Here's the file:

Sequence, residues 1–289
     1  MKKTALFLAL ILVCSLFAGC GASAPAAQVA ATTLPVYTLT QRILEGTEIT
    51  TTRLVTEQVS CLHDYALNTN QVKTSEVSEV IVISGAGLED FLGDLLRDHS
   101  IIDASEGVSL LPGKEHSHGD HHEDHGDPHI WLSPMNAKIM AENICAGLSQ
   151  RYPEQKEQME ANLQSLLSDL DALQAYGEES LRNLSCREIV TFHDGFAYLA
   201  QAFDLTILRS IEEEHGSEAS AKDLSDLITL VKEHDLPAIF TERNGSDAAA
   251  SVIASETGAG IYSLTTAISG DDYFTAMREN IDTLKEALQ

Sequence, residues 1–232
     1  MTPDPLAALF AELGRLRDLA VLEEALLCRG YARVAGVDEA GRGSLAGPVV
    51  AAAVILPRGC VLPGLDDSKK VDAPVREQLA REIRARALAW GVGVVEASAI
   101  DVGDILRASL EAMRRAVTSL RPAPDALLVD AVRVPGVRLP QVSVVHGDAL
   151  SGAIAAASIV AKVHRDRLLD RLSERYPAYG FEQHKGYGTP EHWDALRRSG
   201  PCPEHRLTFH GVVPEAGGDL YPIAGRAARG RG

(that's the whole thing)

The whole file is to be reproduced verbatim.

Sequence, residues 1–289
     1  MKKTALFLAL ILVCSLFAGC GASAPAAQVA ATTLPVYTLT QRILEGTEIT
    51  TTRLVTEQVS CLHDYALNTN QVKTSEVSEV IVISGAGLED FLGDLLRDHS
   101  IIDASEGVSL LPGKEHSHGD HHEDHGDPHI WLSPMNAKIM AENICAGLSQ
   151  RYPEQKEQME ANLQSLLSDL DALQAYGEES LRNLSCREIV TFHDGFAYLA
   201  QAFDLTILRS IEEEHGSEAS AKDLSDLITL VKEHDLPAIF TERNGSDAAA
   251  SVIASETGAG IYSLTTAISG DDYFTAMREN IDTLKEALQ

Sequence, residues 1–232
     1  MTPDPLAALF AELGRLRDLA VLEEALLCRG YARVAGVDEA GRGSLAGPVV
    51  AAAVILPRGC VLPGLDDSKK VDAPVREQLA REIRARALAW GVGVVEASAI
   101  DVGDILRASL EAMRRAVTSL RPAPDALLVD AVRVPGVRLP QVSVVHGDAL
   151  SGAIAAASIV AKVHRDRLLD RLSERYPAYG FEQHKGYGTP EHWDALRRSG
   201  PCPEHRLTFH GVVPEAGGDL YPIAGRAARG RG